A TRIP DOWN MEMORY LANE
A Visual History Of Township 6, Range 14
PEOPLE - Page 3
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Zara was born Feb 21, 1811 and died Feb 25, 1892. He is buried in the
Strongsville Cemetery, Ohio along with his wife, Mary who died in 1854.
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In the 1880s Mary Elmore led the battle for women's sufferage but also the successful crusade to
close all the the saloons in Berea. She also was the first women elected to the Berea School Board.
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Rev. John W. Malcomb
Born in Nova Scotia in Nov. 28, 1845, he came to Berea to retire but accepted a pastorate
at the Congregational Church. He performed over 4000 marriages and solemnized 300 funerals.
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John Nevel was a veteran of the Cleveland Fire Department, joined
the Berea Fire Department in 1921 and appointed fire chief in 1927
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The first chief of the Berea Police Department was Leonard Puls, appointed
on Sep. 8, 1932 and held the post until his retirement in Sep., 1949
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April 11, 1926
600 members of the 145th Infantry Regiment march to honor Lieut. Albert E. Baesel
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John J. Baesel
"Baesel's nine consecutive terms as mayor of Berea - 1931 to 1949 - stands as a record to date. He was born Feb. 21, 1886, at Deshler, Henry County, Ohio, in a ,family of five sons and six daughters of Henry and Caroline Baesel. They came to Southwest Middleburg Township in 1886, when John was only several weeks old.
He attended the Fair Street District School and two years at Berea High School. He worked as a farm hand and as a delivery boy for the Berea Milling Company. For a year and a half he worked on a railroad signal gang and then in 1904 started working as a carpenter for Fred Fashinger. June 5, 1905, he enlisted in Co. A. 5th Ohio Artillery and rose to corporal. Upon reenlistment he rose through the ranks to Captain in April, 1918. June 30, 1915, he married Miss Florence Bredt of Berea. Two daughters were born, Doris and Marion. He served on the Mexican Border from June 1916 to March 1917. On Aug. 5, 1917, when the 45th was mustered into Federal service, he was promoted to first Lieutenant and went overseas, where he was promoted to Captain under the command of Major John Southam. His brother, Lt. Albert Baesel, and a member of the same Company was killed in action in Ivoiry, France.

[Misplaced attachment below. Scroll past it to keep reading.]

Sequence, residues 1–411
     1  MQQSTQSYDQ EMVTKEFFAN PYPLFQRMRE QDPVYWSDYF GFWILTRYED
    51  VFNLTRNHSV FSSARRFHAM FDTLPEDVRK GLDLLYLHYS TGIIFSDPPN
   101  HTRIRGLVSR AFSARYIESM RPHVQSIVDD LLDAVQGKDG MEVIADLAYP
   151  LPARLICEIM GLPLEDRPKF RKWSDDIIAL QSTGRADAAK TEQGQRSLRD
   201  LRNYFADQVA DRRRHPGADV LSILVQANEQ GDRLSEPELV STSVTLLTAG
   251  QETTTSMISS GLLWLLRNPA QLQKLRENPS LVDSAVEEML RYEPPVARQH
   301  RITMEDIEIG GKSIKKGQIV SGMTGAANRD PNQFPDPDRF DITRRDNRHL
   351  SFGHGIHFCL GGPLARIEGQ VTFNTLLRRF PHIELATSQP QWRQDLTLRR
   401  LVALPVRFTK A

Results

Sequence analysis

In May, 1919, following service he started in the contracting and construction business on his own. In 1921, he was elected to council and re-elected to both the school board and the council, resigned from the school board in preference to the council. He served several terms on the Hospital Board of Trustees. His election to the office of mayor in 1931 restored unity within the Republican party and returned it to power. More than any other individual in Berea, he kept the Republicans in office during the Roosevelt reign in national politics.